Lilly King’s 200 Breast DQ Upheld After Lengthy Protest and Appeal Process


American breaststroke star Lilly King was disqualified in the third heat of the 200 breast Thursday morning in Gwangju, and more than eight hours later, after going through the protest and appeal process, the ruling will officially stand.

King won her prelims heat, then turned at the scoreboard and reacted with shock upon seeing the DQ. According to the Italian broadcast, she walked to the officials’ table to protest, and was turned away. King was apparently not given a reason for her DQ when she asked after her race.

USA Swimming also did not know what it was for until about 30 minutes after the race, when it was told that King did a “non-simultaneous touch” on her first turn.

As of 45 minutes after the race, the results were officially “under review,” and USA Swimming lodged an official appeal shortly thereafter. Video replay is in use at this meet to review DQs if necessary. It can only to overturn calls on swimmers who were DQ’d by an official on deck, not to make a DQ, and is done immediately upon relay of the official’s call: in some cases, even before the race is over.

According to a spokesperson for USA Swimming, that protest was denied. In this situation, per the FINA rulebook, a Team USA leader could appeal to the Jury of Appeal, which was done, and the case was heard before the night session Thursday.

Here’s the process for appeal, from summarized from FINA’s general rules: the appeal goes to the entire FINA Bureau. The 20-person technical committee makes a recommendation, and any Americans on the committee can speak but not vote; that means FINA VP Dale Neuburger and Technical Committee Chair Carol Zaleski cannot vote. The jury’s decision is final.

The process was invoked in 2009 when United States open water swimmer Fran Crippen‘s finish approach in the 10k led to a disqualification and subsequent protest. That protest went to the Jury of Appeal and ultimately got the DQ overturned, awarding him the bronze medal.

King held the No. 3 time in the world heading into the meet, at 2:21.39 from May. The 22-year-old raced to a world title in the 100 breast, in which she is the world record holder and defending Olympic champion, Tuesday. American Micah Sumrall will represent the United States in the second semifinal after going 2:25.17 Thursday morning.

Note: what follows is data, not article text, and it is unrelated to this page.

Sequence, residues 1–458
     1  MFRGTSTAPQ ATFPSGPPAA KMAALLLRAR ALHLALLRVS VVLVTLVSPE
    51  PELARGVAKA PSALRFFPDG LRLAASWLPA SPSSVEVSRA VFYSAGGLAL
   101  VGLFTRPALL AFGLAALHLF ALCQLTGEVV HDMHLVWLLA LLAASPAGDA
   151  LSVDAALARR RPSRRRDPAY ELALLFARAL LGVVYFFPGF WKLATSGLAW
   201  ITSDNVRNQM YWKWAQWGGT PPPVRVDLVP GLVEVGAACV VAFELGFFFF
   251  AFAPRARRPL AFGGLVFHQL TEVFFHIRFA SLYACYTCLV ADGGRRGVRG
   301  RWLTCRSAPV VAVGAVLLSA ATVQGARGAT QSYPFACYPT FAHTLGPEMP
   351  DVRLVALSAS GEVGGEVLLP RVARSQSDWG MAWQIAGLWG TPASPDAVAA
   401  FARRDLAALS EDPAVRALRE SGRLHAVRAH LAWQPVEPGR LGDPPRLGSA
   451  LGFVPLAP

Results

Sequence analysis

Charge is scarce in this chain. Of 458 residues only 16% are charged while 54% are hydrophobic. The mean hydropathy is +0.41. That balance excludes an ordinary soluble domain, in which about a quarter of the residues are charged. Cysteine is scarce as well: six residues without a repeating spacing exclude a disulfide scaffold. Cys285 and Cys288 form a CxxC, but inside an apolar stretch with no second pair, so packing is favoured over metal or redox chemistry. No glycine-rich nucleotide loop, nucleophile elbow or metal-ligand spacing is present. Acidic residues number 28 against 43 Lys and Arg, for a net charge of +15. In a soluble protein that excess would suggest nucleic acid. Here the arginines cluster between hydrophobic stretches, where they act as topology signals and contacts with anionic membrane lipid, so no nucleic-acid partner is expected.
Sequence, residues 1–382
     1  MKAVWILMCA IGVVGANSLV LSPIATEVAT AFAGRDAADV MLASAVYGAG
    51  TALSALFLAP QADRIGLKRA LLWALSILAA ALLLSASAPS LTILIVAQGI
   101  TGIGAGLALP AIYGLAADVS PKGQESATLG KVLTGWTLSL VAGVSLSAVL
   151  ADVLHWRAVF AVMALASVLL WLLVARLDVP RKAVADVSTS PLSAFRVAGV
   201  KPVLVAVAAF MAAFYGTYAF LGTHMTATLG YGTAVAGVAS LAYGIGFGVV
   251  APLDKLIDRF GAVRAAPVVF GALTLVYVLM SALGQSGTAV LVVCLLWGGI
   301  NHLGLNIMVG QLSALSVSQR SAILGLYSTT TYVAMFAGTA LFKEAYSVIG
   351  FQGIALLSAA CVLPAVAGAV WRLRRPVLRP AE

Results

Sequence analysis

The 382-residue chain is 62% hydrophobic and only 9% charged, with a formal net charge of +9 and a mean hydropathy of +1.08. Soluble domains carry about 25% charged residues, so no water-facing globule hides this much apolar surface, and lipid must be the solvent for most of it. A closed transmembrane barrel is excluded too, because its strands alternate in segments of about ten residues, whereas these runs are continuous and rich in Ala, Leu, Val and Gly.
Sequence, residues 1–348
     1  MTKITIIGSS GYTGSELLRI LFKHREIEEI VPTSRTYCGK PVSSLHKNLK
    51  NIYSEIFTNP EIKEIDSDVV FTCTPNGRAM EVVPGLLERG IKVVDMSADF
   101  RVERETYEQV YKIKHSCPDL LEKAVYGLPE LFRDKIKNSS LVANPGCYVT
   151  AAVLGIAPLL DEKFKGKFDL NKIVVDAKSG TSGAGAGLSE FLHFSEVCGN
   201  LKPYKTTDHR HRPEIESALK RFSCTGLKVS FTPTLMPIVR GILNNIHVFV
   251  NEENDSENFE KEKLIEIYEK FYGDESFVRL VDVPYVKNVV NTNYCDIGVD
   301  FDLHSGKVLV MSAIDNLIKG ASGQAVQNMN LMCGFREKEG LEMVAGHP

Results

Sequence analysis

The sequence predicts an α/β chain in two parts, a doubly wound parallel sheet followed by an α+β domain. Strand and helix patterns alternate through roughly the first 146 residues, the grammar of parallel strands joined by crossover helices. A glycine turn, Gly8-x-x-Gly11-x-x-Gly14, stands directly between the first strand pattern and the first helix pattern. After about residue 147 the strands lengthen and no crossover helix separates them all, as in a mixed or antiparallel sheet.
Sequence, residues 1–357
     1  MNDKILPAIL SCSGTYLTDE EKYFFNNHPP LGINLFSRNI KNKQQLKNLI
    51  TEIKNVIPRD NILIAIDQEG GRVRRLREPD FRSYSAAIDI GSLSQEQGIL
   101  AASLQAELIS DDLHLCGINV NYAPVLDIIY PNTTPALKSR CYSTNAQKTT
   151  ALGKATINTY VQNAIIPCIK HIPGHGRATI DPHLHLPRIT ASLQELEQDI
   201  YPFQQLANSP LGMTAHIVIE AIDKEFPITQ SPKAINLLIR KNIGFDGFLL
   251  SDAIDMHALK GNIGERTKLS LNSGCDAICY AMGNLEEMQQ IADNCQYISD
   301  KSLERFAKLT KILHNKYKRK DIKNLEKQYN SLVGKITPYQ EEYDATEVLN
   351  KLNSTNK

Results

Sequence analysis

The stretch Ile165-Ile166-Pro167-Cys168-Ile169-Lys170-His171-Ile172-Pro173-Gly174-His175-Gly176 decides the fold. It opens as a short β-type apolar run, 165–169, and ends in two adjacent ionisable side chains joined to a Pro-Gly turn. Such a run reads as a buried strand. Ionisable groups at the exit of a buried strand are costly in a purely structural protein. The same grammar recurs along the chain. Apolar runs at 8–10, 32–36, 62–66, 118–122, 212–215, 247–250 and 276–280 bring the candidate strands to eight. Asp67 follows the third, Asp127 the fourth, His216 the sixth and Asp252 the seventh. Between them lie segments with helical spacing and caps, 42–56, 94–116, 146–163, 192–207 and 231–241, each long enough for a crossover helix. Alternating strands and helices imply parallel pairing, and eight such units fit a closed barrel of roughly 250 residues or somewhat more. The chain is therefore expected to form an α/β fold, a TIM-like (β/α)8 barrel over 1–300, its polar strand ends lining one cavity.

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1 year ago


1 year ago

That’s disappointing.

Id love to see what angles they used to determine this. I assume they had better ones than we did.

It was obviously a very close call seeing as they took this long, I hope they had a good angle for the decision.

Reply to  Jred
1 year ago

Better now than the Olympics…

Reply to  Torchbearer
1 year ago

I’m Australian so I’d prefer the Olympics! (Not that we are doing anything in this event).

Nah I just like seeing the best swimmers swim. Lily king is that. What meet it is doesn’t matter to me.

Reply to  Jred
1 year ago

They used cameras taken by sun’s mother 🤬

Reply to  Tm71
1 year ago

So can’t beat Sun in the pool, so you guys pulling all stops trying to discredit him. Now you try to beat the camera? I guess insinuation doesn’t work in this case. It does make you look utterly foolish, though.

Reply to  Shuami
1 year ago

Yeah we’re so concerned with your 1 good swimmer.

Steve Schaffer
Reply to  Jred
1 year ago

They only took this long because it was when they could get the Jury members together. They decided in relatively short order, as was done with the initial video review of the call, and as was done with the denial of the protest. USA Swimming felt obligated to pursue and exhaust all available options, but with a dedicated video system just for this purpose, it was a losing cause. Far more swimmers have been saved at this meet from bad calls by this system than had dqs upheld, and FINA is leaning that many real violations are going uncalled. Finally change is coming and underwater views are being used to overturn or uphold calls based on quality video not part… Read more »

1 year ago

Almost a silly thing to DQ a top level swimmer for, Fina better have good evidence. Where was Lilly’s official from?

Reply to  Nswim
1 year ago

There’s no conspiracy

Reply to  Nswim
1 year ago

Why even cut any turn close in a prelim heat as the best in the world? For her it was essentially a warmup swim why take any chances? Survive and advance…

Reply to  Nswim
1 year ago

Where was the official from? That’s a very prejudicial comment to make. It doesn’t matter. They’re a FINA official.

Reply to  Nswim
1 year ago

Silly? Anyone who coaches age group swimmers knows it is not silly. She had a dedicated turn judge on her lane who watched only her. I watch a lot of under water camera footage at higher level meets and see things go uncalled.

Reply to  Cdev
1 year ago

Like she did in Rio.

About Torrey Hart

Torrey Hart

Torrey is from Oakland, CA, and majored in media studies and American studies at Claremont McKenna College, where she swam distance freestyle for the Claremont-Mudd-Scripps team. Outside of SwimSwam, she has bylines at Sports Illustrated, Yahoo Sports, SB Nation, and The Student Life newspaper.

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